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lazyblow

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Hi,

I am new to this forum but I have been practicing for 20 years without a lot of problems in ZebraLab in Geneva.

I have develop a medium format FOMA 100 with Ifosol 3 at 20 degrees. I pre-washed, develop, stop, fixed (without temp control) and wash.

The results are awful as I have this huge grains that make the images useless. You'll notice that it's only visible in dark areas.

If anyone know what causes this, I am very curious. Thanks a lot!

Best,
Jean Luc Andrianasolo
Capture d’écran 2024-01-30 à 12.04.26.png
Capture d’écran 2024-01-30 à 12.06.15.png
 

M-88

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If this is a medium format film, then this mottling (it's irregular and uneven, so it's not a grain) most likely caused by the backing paper - Foma is not exactly good at quality control.

Welcome to Photrio. Soon more proficient individuals are going to chime in.
 

miha

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What M-88 said (apart from the quality control bit). How was the film stored?
 
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Foma is not exactly good at quality control.

It's a bit unfair to pin backing paper mottling on Foma alone. There aren't any shortages examples of similar defects in Ilford and Kodak stocks. If Fuji still made film they'd likely be affected as well.
 
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koraks

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Welcome to Photrio, @lazyblow!

I agree with the others that this looks like backing paper mottling. The following factors can influence this:
  • Unpacking the film while it is much colder than the ambient temperature (causing condensation), for instance right after taking it from a fridge/freezer, or film that has been brought from outside and immediately opened.
  • Long-term storage of the film under adverse conditions, e.g. high temperatures.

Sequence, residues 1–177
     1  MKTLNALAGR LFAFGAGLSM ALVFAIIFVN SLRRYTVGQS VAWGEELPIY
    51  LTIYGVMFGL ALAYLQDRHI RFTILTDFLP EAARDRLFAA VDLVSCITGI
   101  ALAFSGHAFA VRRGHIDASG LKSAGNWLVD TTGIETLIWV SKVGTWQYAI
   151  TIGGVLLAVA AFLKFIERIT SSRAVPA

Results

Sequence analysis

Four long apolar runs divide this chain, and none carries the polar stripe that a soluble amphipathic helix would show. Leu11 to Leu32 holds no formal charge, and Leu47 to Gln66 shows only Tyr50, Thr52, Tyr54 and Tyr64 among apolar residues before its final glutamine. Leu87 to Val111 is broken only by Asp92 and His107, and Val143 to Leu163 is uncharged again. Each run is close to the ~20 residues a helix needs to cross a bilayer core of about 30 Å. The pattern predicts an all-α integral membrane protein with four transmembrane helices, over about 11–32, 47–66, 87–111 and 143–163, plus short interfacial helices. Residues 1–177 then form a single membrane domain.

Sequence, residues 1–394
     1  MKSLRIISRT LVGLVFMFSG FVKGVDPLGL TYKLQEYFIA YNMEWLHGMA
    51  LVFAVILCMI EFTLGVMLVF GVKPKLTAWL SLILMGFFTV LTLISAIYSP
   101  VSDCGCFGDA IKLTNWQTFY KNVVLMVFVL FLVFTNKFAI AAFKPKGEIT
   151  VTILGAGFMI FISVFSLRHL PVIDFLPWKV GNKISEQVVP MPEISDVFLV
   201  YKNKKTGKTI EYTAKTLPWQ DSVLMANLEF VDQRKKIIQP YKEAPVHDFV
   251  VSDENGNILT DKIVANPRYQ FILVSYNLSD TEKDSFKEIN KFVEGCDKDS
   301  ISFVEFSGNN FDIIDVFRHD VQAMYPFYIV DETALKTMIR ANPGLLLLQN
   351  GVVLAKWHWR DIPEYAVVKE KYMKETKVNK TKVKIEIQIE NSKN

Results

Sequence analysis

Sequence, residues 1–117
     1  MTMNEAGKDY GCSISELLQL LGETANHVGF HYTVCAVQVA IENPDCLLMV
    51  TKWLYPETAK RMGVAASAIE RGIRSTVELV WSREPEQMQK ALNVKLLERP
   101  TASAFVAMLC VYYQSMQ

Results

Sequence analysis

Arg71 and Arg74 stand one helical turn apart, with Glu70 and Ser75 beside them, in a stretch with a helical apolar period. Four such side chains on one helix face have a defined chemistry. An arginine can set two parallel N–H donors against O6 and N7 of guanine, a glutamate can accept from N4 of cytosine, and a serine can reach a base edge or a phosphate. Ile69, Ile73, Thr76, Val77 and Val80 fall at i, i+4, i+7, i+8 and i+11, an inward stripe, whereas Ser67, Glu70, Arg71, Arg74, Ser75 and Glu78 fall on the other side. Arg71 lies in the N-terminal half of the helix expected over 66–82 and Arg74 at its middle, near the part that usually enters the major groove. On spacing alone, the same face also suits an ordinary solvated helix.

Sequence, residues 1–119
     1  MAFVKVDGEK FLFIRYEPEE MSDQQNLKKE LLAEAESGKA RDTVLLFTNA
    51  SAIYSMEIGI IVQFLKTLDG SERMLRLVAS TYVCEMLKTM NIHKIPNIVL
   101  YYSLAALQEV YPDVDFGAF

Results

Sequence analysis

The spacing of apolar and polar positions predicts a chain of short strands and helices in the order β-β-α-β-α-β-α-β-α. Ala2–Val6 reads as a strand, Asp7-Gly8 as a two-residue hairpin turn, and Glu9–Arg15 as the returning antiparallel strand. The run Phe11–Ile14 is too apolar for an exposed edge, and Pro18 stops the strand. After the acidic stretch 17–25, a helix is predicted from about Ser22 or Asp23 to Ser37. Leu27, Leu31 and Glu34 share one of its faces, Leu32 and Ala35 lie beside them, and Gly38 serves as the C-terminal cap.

• Freezing film if it has been packaged under conditions of abnormally high humidity, causing crystallization
The above can be amplified if the film is old/expired, since it will then have had more time/opportunity to be subjected to any or all of the above.

Can you tell us a little more about this particular roll of film - how old is it, where did it came from, and has it gone through large temperature and/or humidity swings to the best of your knowledge?

If the film is fresh and within its expiration date, and it was handled properly, you could reach out to Foma to ask if they have any suggestions. I've done this once, years ago, and found them to be responsive and straightforward to deal with.

I have used quite a bit of Fomapan 100, also in 120 format, and have never seen this issue on this particular film. I am familiar with backing paper offset problems and this sure looks like it.
 

M-88

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It's a bit unfair to pin backing paper mottling on Foma alone. There aren't any shortages examples of similar defects in Ilford and Kodak stocks. If Fuji still made film they'd likely be affected as well.

Sorry, was unaware of it happening to other brands as well.
 

koraks

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Sorry, was unaware of it happening to other brands as well.

It's rare to hear about this affecting Foma films. Lately, it's mostly reported on Ilford films. Keep in mind that over- and underreporting can play a role, that market share/popularity influence reporting, that the majority of instances are likely never reported online, that mottling problems can be specific to certain production batches or products, and that mottling/offset problems are often related to factors of environmental conditions and thus aren't always due to a manufacturing defect per se.